It is well established that international linkages and international networks, assist terrorists and their front organizations to profit from human and arms trafficking, (a widespread phenomenon at present), money laundering, credit card fraud, weapons smuggling and cyber-crime. Having been a victim of terrorism for almost three decades, Sri Lanka learned early the value of confronting all these aspects in order to address our terrorist problem. In this we were critically assisted by our international partners.  Sri Lanka works closely with countries of the region, in particular, Australia, in addressing the problem of human smuggling. The LTTE terrorists got ready funding support from sympathizers abroad (and their sympathizers continue to do so) and also coerced terrified civilians to contribute to the cause. They also procured weapons and, through their propaganda, encouraged the recruitment of children and the deployment of suicide bombers in Sri Lanka. In Sri Lanka, even in the post-conflict phase, preexisting networks in transit and destination countries still continue to exploit human misery. Prosecutions of LTTE fundraisers and arms procurers are continuing in different countries.
Since the 9/11 terror attack, the international community has achieved major successes in controlling terrorist financing. On September 28, 2001, the United Nations Security Council adopted Resolution 1373, committing all UN members to take action against those who fund terrorist acts and their supporters, including the freezing of their assets. Sri Lanka has proactively participated in these international efforts. However, we see an increasing trend in terrorist and affiliated groups raising enormous sums of money through kidnapping for ransom. Piracy is another element in the international spectrum which has become a major destabilizing factor on countries, regional and global trade and ocean security.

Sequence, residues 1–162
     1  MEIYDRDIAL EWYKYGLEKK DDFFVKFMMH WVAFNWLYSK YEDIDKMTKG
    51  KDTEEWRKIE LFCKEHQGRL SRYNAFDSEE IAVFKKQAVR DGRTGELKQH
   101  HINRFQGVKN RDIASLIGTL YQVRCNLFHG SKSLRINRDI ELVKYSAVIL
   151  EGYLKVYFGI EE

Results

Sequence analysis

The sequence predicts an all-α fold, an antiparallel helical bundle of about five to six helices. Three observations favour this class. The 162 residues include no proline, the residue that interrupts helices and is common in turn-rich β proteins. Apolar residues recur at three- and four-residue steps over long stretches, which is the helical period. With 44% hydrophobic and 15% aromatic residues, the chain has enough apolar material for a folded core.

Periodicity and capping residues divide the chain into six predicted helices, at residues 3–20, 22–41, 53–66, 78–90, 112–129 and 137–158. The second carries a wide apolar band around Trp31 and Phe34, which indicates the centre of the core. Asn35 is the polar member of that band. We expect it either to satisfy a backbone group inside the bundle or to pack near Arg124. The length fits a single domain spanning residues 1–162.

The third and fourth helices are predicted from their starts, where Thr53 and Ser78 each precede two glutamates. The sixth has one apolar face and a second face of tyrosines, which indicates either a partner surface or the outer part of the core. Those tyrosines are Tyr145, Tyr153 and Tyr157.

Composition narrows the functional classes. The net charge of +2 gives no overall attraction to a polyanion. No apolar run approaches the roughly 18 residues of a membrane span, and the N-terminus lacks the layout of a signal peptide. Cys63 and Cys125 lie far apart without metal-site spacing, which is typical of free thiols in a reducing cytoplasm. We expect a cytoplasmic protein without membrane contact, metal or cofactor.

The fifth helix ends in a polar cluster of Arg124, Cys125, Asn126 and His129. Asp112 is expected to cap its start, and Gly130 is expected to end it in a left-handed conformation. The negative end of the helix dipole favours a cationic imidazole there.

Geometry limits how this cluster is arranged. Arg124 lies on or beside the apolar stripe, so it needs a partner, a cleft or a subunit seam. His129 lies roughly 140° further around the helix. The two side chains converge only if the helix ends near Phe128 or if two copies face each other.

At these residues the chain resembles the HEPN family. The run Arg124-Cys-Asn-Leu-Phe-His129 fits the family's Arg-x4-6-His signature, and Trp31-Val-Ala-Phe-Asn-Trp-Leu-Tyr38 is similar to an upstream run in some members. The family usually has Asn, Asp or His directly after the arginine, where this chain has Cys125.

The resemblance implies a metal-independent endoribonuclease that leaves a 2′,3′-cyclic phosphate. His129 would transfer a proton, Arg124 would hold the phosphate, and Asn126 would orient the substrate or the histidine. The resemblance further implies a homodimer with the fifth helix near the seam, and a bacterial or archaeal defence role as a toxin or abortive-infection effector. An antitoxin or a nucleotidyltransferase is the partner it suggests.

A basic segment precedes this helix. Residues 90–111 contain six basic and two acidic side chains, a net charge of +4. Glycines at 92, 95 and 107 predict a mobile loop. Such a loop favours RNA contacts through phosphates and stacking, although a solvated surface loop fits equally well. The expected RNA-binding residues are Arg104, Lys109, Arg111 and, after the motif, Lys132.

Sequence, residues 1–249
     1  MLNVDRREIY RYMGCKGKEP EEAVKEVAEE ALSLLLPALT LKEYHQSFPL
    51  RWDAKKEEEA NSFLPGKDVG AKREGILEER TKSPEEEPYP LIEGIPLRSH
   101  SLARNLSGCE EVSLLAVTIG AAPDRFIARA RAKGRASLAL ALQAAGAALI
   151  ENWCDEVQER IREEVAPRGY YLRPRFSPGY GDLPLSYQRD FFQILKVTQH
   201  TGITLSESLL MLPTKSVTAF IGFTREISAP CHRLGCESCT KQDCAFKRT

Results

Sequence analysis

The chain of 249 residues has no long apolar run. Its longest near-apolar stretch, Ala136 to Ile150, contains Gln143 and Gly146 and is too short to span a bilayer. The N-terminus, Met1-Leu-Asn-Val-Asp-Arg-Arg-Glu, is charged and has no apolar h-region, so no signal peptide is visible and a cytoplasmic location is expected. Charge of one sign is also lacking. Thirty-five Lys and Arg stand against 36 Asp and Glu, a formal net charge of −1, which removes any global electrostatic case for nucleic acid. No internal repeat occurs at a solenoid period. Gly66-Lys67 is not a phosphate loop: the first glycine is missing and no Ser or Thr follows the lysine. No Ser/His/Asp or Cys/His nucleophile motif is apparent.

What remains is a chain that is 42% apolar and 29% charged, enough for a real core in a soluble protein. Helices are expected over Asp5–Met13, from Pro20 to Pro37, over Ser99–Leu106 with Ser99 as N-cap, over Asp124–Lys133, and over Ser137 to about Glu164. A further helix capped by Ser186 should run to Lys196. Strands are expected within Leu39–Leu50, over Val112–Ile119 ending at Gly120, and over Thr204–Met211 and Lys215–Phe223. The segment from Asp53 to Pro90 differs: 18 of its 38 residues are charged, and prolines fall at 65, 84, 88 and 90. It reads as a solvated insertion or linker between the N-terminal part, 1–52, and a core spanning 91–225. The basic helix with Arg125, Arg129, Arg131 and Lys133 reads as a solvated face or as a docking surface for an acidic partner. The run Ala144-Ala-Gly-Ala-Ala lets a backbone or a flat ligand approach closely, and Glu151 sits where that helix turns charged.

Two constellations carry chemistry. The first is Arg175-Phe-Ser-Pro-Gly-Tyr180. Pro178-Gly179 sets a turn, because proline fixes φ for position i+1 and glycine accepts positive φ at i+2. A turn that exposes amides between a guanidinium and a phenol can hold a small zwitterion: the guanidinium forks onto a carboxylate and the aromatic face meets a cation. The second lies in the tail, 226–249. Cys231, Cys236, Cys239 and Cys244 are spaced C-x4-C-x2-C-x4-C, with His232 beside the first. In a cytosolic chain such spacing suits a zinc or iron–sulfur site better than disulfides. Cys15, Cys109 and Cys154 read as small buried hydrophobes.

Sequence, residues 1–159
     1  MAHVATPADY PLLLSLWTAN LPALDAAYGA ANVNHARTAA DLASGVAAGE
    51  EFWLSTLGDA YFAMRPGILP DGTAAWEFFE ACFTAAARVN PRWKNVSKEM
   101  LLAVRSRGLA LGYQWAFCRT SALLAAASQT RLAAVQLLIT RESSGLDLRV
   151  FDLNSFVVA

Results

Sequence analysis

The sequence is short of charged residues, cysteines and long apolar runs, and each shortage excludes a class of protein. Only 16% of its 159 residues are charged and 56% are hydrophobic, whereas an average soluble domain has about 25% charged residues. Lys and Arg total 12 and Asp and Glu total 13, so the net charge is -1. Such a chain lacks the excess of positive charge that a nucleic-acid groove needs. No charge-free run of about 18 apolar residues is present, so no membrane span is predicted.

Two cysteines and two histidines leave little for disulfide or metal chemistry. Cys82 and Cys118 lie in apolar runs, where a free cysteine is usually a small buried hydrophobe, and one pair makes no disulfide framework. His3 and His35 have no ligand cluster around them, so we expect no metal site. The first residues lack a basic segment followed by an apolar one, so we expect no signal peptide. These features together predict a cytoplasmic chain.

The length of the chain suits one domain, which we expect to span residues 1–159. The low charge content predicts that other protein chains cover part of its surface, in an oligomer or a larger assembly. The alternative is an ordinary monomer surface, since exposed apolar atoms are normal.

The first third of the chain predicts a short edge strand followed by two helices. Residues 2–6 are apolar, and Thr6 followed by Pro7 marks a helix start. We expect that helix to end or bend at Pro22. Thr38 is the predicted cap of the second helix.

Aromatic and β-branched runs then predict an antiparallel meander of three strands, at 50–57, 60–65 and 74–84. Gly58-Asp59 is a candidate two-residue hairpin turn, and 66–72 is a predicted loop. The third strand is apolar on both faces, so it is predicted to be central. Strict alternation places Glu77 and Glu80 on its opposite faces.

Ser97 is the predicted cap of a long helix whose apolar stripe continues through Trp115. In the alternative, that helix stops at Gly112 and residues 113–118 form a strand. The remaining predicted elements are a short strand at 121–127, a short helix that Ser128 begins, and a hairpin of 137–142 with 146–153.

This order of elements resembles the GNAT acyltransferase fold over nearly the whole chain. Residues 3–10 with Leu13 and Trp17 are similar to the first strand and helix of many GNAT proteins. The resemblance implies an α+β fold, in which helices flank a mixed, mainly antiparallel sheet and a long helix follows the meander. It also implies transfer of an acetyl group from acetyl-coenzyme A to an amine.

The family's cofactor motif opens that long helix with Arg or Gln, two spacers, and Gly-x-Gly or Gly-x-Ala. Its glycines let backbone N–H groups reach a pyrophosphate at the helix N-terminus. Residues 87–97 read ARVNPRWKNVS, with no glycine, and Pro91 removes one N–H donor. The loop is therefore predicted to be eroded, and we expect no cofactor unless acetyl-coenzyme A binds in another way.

Sri Lanka wishes to underline that the root causes of terrorism are complex and that terrorism cannot be associated with any ethnicity or religion. Countering terrorism should not be viewed primarily in a military context. Sri Lanka’s decision to engage the LTTE terrorists militarily in 2006 followed their persistent refusal to engage in peace negotiations and their ready embrace of unmitigated violence targeting civilians. The military engagement was based on a well-defined distinction between the terrorists and the civilians and its ultimate goal was rescuing civilians. Consequently, military operations were undertaken largely by infantry units with a view to minimizing civilian casualties, the civilians having been forcibly rounded up as a human shield by the ruthless LTTE.
Since the end of the terrorist conflict, Sri Lanka has prioritized rehabilitation, reconstruction, reintegration and reconciliation for sustainable peace. With vast development efforts, Sri Lanka has adopted measures which encompass the political, economic and social spheres to ensure that terrorism will never again find a foothold in our land. Democratic processes have been reestablished, and local government elections have been held in former conflict areas after a lapse of three decades. Sri Lanka embarked upon a domestic process - the Lessons Learnt and Reconciliation Commission (LLRC), to ensure that there will be no recurrence of internal conflict   and to identify any infractions of the law during the military operations.
The reconciliation process, which is very complex, has been approached from different angles. The government has adopted an extremely conciliatory attitude towards former combatants.  Consistent with our culture, forgiveness was the theme. Now over 11,000 former combatants, including over 560 child soldiers, have been rehabilitated and allowed to return to their homes and communities.  This was in less than three years since the end of the conflict. The Tamil community, scattered around the world, is an important factor in the reconciliation and reconstruction effort. Any concerns of the minorities will be a priority as Sri Lanka seeks reconciliation.  A political process through a Parliamentary Select Committee involving the elected representatives of political parties has also been initiated.
It is our hope that the international community will maintain vigilance, and not create opportunities, even inadvertently, for terrorists and their sympathizers, to achieve through domestic and international mechanisms, what they were unable to achieve through bullets, suicide bombs and shattered lives.  The encouragement of one group, in whatever form, will send a clear message to the others to adjust their tactics.
It is important that we soon conclude our negotiations on the comprehensive convention on terrorism. We note the discussions that have been taking place since GA Resolution 51/210 of 1996 and hope that these could be brought to a successful conclusion urgently.  
Thank you Mr. President.